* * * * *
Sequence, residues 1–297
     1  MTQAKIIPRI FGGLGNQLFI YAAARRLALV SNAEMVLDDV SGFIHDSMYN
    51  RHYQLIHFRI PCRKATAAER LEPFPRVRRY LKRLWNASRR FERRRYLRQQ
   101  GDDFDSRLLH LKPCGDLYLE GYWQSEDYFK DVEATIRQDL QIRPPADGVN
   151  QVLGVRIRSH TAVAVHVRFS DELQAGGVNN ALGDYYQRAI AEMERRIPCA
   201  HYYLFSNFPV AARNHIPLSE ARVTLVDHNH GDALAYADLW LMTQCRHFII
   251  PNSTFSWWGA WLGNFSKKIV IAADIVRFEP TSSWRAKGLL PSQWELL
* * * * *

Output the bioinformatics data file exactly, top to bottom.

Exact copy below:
Sequence, residues 1–297
     1  MTQAKIIPRI FGGLGNQLFI YAAARRLALV SNAEMVLDDV SGFIHDSMYN
    51  RHYQLIHFRI PCRKATAAER LEPFPRVRRY LKRLWNASRR FERRRYLRQQ
   101  GDDFDSRLLH LKPCGDLYLE GYWQSEDYFK DVEATIRQDL QIRPPADGVN
   151  QVLGVRIRSH TAVAVHVRFS DELQAGGVNN ALGDYYQRAI AEMERRIPCA
   201  HYYLFSNFPV AARNHIPLSE ARVTLVDHNH GDALAYADLW LMTQCRHFII
   251  PNSTFSWWGA WLGNFSKKIV IAADIVRFEP TSSWRAKGLL PSQWELL